I need more information before I can review anything here, but to maintain my credibility as the world’s foremost reviewer of fictional beekeepers I had to make it know that I’m aware something is going on.

Beekeeper Review: Basil


In the interests of being thorough, I must review Beekeepers wherever I find them, which is why I’ve ended up with a list of over 200 Beekeepers Reviews I’ve got ahead of me. That’s a lot of research I must do, so when I find a relatively easy job, like Basil, the Beekeeper who appears in a parodic hypothetical period drama story, you know I’ll act quickly.

Basil has made millions selling his honey, so it must be good stuff, and he cares enough for his bees that he can count them and tell that one is missing. He is also the type who will give shelter to a distress runaway and the type who will investigate a mystery, both signs of the sort of nobility I ask in a Beekeeper. It’s also possible he fought in some manner of Bee Wars. All very impressive.

Basil’s scheming brother, the wealthy Lord Cucumberly, causes all the drama of the plot, but Basil reveals his brother’s lies and wins the trust of the heroine. It’s a happy ending for Basil, and for the heroine, who gets to spend her life with such a catch.

Four Honeycombs out of Five.

A Superman Character By Any Other Name Would Something Something

There’s a lot of mistakes on the Internet, and nobody ought to be surprised by that. I am not smart, so I don’t always catch the mistakes. Sure, I’ll notice if a lyrics page has the wrong words to a song I like or whatever, but most of the time I just innocently wander the Internet and assume that somebody knows what they’re talking about. I’ve probably taken in all sorts of incorrect information from such mistakes.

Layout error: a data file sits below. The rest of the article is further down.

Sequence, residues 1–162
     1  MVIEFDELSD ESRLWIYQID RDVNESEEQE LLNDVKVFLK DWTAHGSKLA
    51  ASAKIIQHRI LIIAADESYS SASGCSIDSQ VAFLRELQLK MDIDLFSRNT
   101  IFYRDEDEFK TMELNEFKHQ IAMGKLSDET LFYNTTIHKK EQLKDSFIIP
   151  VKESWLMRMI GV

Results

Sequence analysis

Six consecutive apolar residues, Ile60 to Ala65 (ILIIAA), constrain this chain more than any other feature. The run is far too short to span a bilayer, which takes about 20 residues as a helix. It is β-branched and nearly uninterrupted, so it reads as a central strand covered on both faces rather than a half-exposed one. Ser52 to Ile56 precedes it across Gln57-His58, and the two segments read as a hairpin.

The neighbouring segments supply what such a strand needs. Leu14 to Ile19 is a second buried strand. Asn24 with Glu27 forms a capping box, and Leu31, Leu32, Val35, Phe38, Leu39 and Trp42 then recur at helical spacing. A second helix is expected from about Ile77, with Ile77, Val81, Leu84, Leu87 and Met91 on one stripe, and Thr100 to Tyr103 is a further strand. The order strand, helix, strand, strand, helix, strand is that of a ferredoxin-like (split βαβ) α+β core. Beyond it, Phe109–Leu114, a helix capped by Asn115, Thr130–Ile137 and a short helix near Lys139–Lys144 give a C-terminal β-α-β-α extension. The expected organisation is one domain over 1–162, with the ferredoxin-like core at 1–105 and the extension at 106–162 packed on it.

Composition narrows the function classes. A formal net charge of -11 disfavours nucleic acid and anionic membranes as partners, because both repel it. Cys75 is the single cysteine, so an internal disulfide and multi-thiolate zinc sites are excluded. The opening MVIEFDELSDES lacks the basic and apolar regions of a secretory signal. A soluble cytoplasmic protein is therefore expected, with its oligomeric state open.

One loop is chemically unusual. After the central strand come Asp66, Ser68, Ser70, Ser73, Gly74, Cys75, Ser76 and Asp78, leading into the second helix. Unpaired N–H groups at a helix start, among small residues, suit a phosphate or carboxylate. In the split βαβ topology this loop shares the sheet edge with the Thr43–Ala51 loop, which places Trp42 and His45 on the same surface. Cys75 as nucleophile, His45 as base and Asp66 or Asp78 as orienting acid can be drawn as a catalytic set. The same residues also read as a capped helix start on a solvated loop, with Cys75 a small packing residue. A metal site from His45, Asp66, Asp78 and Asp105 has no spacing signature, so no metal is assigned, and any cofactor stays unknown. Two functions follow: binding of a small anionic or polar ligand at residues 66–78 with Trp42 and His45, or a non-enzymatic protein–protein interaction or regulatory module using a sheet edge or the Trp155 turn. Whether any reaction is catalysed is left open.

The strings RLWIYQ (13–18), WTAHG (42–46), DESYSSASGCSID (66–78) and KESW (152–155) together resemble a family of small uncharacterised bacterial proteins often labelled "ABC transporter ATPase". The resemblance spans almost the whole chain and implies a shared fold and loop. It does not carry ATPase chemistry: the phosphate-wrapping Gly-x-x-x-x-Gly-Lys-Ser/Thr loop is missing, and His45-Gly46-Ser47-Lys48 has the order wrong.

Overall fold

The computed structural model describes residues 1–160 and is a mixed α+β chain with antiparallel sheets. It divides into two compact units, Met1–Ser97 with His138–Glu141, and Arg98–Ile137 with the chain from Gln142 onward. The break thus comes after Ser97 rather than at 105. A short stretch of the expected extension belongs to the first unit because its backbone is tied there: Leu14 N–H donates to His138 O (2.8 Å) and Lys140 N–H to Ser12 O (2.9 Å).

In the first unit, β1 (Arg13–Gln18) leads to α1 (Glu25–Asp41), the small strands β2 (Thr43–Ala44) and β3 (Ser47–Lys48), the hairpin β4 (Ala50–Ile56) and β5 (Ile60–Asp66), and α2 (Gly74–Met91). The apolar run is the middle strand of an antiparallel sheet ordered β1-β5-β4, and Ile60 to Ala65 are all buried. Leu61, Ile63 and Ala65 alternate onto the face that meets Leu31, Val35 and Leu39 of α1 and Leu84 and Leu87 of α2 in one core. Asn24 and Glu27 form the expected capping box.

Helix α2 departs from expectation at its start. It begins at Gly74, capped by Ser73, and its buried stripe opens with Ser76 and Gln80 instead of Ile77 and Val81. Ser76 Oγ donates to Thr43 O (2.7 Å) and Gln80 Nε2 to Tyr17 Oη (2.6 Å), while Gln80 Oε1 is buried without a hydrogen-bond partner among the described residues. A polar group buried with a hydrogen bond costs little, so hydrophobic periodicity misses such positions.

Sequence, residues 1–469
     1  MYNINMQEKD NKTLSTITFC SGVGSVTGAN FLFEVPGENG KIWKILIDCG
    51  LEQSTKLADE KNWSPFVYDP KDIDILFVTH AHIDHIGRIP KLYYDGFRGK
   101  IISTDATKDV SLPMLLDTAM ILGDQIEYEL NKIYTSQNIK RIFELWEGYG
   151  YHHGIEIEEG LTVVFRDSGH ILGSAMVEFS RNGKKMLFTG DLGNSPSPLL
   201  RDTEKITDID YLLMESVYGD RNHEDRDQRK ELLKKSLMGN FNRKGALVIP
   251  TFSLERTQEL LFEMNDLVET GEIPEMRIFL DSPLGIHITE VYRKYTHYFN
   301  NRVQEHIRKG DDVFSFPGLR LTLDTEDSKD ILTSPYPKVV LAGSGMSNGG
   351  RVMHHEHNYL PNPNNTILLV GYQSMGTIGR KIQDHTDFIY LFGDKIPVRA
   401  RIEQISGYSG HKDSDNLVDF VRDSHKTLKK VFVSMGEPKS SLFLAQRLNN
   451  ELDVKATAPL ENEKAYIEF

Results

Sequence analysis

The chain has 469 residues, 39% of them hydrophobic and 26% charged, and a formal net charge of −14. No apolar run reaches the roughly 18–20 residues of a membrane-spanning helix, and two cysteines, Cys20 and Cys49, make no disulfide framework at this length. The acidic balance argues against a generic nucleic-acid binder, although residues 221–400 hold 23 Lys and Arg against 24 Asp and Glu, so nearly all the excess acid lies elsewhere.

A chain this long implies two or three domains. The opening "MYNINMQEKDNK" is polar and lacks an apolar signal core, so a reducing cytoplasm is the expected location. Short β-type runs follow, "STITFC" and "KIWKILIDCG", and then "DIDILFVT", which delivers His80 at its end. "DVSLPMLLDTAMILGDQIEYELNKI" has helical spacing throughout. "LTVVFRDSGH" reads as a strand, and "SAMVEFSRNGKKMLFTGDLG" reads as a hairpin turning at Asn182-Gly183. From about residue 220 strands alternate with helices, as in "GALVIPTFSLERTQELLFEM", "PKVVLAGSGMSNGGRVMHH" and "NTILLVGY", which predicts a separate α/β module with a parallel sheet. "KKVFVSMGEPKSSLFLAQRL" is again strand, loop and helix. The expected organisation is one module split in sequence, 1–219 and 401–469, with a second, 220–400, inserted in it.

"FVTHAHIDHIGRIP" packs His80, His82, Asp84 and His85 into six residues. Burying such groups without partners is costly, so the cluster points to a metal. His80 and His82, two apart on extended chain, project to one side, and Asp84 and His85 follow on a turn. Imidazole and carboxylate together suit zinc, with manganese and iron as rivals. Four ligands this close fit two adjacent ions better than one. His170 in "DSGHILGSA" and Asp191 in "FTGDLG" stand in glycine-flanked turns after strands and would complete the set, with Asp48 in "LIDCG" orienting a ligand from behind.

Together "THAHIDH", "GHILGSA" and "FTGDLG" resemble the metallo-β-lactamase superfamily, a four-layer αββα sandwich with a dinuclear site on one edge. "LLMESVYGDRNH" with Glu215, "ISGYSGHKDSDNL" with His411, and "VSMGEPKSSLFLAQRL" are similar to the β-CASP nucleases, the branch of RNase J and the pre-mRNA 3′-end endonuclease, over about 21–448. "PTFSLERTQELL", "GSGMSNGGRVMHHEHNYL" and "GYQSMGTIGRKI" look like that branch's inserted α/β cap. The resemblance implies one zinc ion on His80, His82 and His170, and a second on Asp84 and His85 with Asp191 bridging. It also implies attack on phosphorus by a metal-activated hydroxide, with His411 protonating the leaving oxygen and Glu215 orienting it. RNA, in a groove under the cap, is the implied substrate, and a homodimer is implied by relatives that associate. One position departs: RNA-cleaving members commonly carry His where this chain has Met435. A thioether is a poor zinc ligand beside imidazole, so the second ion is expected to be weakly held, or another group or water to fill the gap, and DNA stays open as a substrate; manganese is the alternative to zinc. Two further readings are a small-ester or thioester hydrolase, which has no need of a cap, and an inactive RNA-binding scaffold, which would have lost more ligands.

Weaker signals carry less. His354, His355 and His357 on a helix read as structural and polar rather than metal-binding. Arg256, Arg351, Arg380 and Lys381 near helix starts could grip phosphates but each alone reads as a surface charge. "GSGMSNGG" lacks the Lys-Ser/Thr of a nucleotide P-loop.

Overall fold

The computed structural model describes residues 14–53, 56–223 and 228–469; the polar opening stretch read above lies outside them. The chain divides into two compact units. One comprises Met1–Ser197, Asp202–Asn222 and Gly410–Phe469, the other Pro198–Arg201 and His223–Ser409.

But not all incorrect information on the Internet is a mistake. Some of it has been put there on purpose. Yup. Sometimes, people on the Internet lie. (It’s okay, take some time to deal with the shock you are feeling to learn that.) And some of those lies relate to Superman.

For example, the DC Fandom page for Bash Bashford, a minor Superboy supporting cast member, insists that he is named Bradley. There’s no basis for that in the comics. But someone who edited that page decided to claim he is named Bradley.

Similarly, several sources on the Internet think that the minor Superman villain called the Archer was named Fenton Quigley. The surname is correct, he was called Quigley in the comics, but given name Fenton comes from someone claiming it once, and it propagating from there. (In fairness the the DC Fandom page, they correctly do not call him Fenton.)

Even the mighty Wikipedia, which has mostly overcome its former reputation for being inaccurate, has such errors, one example being on the “List of Superman enemies” page, where the one-appearance villain Mr. Sinister (who predates the Marvel villain of that name by decades) is given the real name “Lylo”. Again, this is the invention of someone outside the source material.

I have my suspicions about why people make such “mistakes” on the sites: I think they are hoping the inaccuracies will become real. I think that they think that some writer who wants to use an obscure supervillain or reference an obscure Superboy cast member might search the ol’ Superhighway for easy information, see the lies about character names, and use them in official books unknowingly. On some level I can respect that. I don’t particularly like that the Superman franchise is entirely controlled by corporate interests, so I can almost root for these people to add a dash of the common folk into the lore. But it’s also dishonest. The Internet doesn’t need more inaccurate information.

I don’t think I’ll ever call Bash Bashford “Bradley” (Smallville is already home to Brad Wilson and that’s Brad enough for me), but I admit the name “Fenton Quigley” has kind of grown on me over the years. If that or Lylo were mistakenly added to official canon in some way, I’d be conflicted. It would be a victory for some regular fan person who wanted to get their fingerprints on a part of Superman’s world, no matter how small that part is. But it would also be a victory for a jerk. That’s not as good.